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How do you combat your algae problems?


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  • Regular Member

I'm looking to get a new tank and was reading up on keeping your tank clean, and I didn't realize there were so many different kinds of algae, and ways to get rid of it.

What type of algae am I most likely to run into, and how do you recommend I get rid of it when the time comes?

I was checking out this saltwater algae control guide, and it's got a TON of information, but I want to get information from a few sources before I plot out my plan of attack. Maybe some of you can fact check the guide as well, but to me it looks pretty complete.

Thanks everyone, I appreciate it!

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  • Regular Member

I'm looking to get a new tank and was reading up on keeping your tank clean, and I didn't realize there were so many different kinds of algae, and ways to get rid of it.

What type of algae am I most likely to run into, and how do you recommend I get rid of it when the time comes?

I was checking out this saltwater algae control guide, and it's got a TON of information, but I want to get information from a few sources before I plot out my plan of attack. Maybe some of you can fact check the guide as well, but to me it looks pretty complete.

Thanks everyone, I appreciate it!

You may get a number of different ideas from different places, but at least in my experience, brown algae is likely going to be the likeliest type you will face, followed by green and blue green. Brown algae happens when the tank is new (silicates), and it should go away as the tank matures.

In my experience, the best way to deal with algae is to physically to remove it if you can, or see if you can address the issue with plants and lighting. What I do not recommend is to try to use algicides, or to get fish that are supposed to eat algae. You will most likely be disappointed with those solutions.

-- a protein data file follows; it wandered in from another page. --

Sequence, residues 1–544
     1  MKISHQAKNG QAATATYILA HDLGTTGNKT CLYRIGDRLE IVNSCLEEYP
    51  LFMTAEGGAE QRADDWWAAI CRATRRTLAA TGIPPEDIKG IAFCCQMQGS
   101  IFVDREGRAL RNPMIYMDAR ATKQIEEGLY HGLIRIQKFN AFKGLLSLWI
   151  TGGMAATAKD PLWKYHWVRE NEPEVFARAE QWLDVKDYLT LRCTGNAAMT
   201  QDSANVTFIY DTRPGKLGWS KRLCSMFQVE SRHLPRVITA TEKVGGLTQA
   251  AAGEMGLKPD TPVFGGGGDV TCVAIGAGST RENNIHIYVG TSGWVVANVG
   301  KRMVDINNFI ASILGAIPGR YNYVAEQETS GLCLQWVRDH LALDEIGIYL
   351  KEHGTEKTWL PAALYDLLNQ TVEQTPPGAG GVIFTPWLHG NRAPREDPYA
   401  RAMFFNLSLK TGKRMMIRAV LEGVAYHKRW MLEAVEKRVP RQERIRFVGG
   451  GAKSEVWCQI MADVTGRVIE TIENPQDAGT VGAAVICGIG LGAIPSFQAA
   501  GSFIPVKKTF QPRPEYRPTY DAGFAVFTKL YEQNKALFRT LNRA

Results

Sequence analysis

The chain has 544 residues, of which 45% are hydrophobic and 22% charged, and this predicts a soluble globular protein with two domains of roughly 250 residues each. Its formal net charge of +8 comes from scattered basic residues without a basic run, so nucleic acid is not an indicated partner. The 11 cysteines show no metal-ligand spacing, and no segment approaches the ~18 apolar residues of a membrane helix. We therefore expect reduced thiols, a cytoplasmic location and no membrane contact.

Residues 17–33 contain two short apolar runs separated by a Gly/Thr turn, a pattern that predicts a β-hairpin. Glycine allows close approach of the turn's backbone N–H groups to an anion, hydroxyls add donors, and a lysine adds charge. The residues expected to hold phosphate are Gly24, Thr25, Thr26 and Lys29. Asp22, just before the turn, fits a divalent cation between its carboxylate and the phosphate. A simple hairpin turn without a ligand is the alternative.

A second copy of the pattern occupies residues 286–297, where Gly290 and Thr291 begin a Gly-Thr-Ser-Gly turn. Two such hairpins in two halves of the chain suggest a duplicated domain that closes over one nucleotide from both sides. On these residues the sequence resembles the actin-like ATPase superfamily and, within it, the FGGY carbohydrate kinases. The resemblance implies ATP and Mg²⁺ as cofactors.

Welcome to the forum! :)

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  • Regular Member

Like Alex said, brown algae is easy to manage. You just wipe it off at ever water change. It usually doesn't get too bad by the end of the week... I haven't dealt with green algae but it is a pretty algae :)

Just pray to all the gods of fish keeping you don't get blue-green algae.... :madrant it's a pain in the :booty

:welcome

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I had used Algae Fix (API maybe) once and I under dosed it. It made my fish appear as if they were drunk and I had to do a complete water change immediately. I battle green algae but found wiping it off once a week, limiting the time my lights are on to 8 hours a day only, and keeping curtains on my windows really helped. I do leave the algae on the back of the glass. My teles sort of lick it off (ar at least that's what it looks like they are doing.) I also get a strange sheet of it on the lids of my tank that is like a giant dried up piece of seaweed and I just peel it off. I am not sure why that happens on only one of my tanks. It seems harmless enough.

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  • Regular Member

I think you've gotten excellent advice so far :)

In addition to not leaving your lights on too long, you don't want there light strength to be too high :o unless you have a heavily planted tank.

I agree the best way to remove the algae is to manually wipe it off. Many folks on Kokos leave 1-3 sides of their aquarium covered with algae for a nutritious snack for their goldfish :nana

Good luck managing your algae and welcome to Kokos :D

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  • Regular Member